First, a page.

But do the Cowboys need him on the team? The answer was "perhaps"—until the season opener, when they lost starting cornerback Kevin Smith to a ruptured Achilles tendon. The need for another corner having become suddenly acute, Switzer issued, through the media, a message to his boss after the opener, a plea that also served as an invitation for Prime Time to jack up his asking price. "It's serious now," said Switzer. "Go get Deion. We need Deion, now."
This proclamation did little to boost the confidence of Cowboy reserve Clayton Holmes, a fourth-year cornerback who will keep the position warm for Sanders for another five games or so. Holmes preferred to look upon his second career start, in which he would go up against Bronco quarterback John Elway, not so much as a nightmare as an opportunity. "If I could have a good game against Elway," said Holmes, who is one of those glass-is-half-full kind of guys, "that would be a great boost for my morale."
The Broncos eagerly attacked him. Elway tried to connect with wideout Anthony Miller on at least three "go" routs to Holmes's side. Holmes broke up every one. When Elway and Miller did finally hook up for a pair of touchdown passes, from 11 and 59 yards, it was veteran defensive backs Larry Brown, Scott Case and Woodson, rather than Holmes, who were beaten.
Despite those two TD strikes, it was a forgettable day for Elway, who completed just 11 of 24 passes, threw an interception and a whole batch of ugly balls. The chief source of his misery was Haley, nicknamed Chucky by the Cowboys because he reminds them of the havoc-wreaking antagonist in the movie Child's Play.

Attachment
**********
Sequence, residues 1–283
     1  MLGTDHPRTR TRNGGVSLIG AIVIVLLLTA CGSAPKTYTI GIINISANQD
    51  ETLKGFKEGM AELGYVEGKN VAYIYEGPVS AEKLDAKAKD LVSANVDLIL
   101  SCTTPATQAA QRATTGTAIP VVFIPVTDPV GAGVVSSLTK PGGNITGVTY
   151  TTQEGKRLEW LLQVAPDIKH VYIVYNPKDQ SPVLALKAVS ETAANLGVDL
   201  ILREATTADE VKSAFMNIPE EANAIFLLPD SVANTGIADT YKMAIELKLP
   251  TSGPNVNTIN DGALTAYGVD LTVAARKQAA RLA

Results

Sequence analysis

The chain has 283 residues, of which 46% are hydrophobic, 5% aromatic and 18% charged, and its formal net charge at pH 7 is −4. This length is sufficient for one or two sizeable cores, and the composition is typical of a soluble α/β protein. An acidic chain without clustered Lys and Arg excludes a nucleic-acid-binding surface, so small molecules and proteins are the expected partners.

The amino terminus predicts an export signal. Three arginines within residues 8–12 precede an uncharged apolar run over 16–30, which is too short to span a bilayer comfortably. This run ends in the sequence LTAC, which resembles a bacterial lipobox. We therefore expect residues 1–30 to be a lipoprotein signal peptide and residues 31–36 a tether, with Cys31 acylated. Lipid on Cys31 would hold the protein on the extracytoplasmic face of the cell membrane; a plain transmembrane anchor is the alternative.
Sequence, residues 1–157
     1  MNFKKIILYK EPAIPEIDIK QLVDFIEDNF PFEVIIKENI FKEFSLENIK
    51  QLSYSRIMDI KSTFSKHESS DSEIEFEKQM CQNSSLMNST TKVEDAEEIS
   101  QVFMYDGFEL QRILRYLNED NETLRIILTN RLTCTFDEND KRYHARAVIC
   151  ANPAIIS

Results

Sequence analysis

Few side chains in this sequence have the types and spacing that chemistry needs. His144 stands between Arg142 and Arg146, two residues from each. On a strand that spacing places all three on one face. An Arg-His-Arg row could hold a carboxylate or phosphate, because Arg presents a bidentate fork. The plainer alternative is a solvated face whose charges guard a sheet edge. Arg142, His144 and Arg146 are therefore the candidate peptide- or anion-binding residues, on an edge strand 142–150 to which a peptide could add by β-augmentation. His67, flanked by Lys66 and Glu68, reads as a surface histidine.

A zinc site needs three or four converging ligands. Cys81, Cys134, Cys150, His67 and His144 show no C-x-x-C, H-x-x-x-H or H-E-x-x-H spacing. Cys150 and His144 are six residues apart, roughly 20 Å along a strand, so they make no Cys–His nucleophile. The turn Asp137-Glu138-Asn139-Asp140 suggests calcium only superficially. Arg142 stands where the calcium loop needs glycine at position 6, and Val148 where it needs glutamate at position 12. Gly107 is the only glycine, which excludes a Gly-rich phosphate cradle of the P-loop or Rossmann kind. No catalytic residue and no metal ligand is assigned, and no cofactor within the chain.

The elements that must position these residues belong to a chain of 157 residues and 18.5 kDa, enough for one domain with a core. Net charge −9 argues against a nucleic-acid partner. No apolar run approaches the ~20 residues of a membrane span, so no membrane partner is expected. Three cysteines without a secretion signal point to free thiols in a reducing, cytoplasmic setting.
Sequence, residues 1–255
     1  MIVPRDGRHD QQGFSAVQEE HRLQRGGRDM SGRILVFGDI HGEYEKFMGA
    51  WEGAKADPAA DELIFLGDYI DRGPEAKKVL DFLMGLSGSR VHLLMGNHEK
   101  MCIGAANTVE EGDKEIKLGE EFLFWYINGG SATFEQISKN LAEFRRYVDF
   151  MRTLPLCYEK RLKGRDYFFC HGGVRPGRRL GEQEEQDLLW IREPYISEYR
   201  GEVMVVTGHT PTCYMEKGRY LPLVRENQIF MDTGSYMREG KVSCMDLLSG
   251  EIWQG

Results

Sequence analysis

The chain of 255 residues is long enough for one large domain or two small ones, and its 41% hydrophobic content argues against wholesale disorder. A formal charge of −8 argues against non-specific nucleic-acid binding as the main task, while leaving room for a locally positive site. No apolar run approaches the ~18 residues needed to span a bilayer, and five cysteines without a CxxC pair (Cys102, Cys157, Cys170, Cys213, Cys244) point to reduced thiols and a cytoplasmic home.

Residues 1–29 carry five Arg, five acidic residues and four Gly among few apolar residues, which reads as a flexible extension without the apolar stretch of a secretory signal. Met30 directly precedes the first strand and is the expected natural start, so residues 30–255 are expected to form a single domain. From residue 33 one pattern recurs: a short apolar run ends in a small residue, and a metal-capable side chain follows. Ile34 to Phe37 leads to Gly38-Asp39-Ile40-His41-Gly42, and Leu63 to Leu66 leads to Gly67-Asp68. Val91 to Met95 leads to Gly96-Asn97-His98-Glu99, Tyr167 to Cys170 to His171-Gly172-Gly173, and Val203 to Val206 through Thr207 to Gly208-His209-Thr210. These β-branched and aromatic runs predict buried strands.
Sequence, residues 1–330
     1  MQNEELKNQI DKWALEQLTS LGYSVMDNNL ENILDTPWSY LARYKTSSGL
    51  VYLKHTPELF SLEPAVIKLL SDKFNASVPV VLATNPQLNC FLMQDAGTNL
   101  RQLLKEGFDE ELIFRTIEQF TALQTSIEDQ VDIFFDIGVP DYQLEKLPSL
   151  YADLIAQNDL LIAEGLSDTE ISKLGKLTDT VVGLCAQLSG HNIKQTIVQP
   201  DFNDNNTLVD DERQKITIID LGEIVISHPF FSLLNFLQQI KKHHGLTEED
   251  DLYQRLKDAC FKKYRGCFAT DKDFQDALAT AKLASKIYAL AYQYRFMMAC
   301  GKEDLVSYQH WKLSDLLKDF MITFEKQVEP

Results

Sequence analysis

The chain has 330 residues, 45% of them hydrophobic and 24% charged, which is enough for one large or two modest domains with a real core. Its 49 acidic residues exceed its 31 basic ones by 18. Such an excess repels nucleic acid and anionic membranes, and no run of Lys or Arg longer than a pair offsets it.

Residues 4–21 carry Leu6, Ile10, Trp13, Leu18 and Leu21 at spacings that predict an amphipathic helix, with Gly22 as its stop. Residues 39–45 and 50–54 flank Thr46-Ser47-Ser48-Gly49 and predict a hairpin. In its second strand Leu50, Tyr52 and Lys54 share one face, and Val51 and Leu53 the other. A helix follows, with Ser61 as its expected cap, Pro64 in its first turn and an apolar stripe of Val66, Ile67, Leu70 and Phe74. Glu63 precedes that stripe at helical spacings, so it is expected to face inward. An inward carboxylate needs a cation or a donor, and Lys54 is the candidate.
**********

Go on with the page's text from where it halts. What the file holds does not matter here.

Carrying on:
Having retired after last January's NFC Championship Game, Haley exercised his constitutional right to change his mind. He came out of retirement in the off-season, then spent Sunday hastening the retirement of Denver's Pro Bowl left tackle Gary Zimmerman, who couldn't have blocked Haley with a front-end loader. Working primarily from the right side, Haley had five tackles, two sacks, forced a fumble that led to Dallas's final score and induced Zimmerman to take a holding penalty and commit a personal foul.
Jones gets an extra frisson of pleasure from every sack and every tackle by Haley, simply because the pass-rushing specialist is an ex-49er. On Saturday, after pointing out that his Cowboys had gone on to win two Super Bowls after plucking Chucky from San Francisco, Jones expressed the hope that "with Deion, we will win the next two Super Bowls."
Who could blame him for entertaining such heady thoughts? Prime Time was Dallas-bound! Could anyone possibly tire of discussing Deion?
Well, actually, yes. After the 49ers trounced the Atlanta Falcons 41-10 in the Battle of Deion's Former Teams, Jerry Rice flew into a frothing rage, ranting profanely at reporters whom he accused of having given Sanders too much credit at the expense of the 49ers' other defensive backs. Rice finally had to be led away by a team official, who claimed he did not need Thorazine to stabilize the temperamental future Hall of Famer.
Peppered with Deion-related questions at his own postgame press conference, Aikman could not resist pointing out that the Cowboys had been able to win two of the last three Super Bowls without Sanders, and that his presence on the roster does not necessarily make Dallas "a lock" to win the next one.
On this subject Aikman and Switzer, who do not always see eye to eye, are in agreement. Taking lunch at his desk after Friday's practice, the Cowboy coach said of Deion, "Well, he gives you a better chance, but that doesn't mean it gets done. It's how well you play the day you play." After allowing his interrogator a moment to mull over that profundity, Switzer offered an explanation of his team's early success. "The players know my style, they know who I am," he said. "We're through the transition. Our team has reached a comfort level."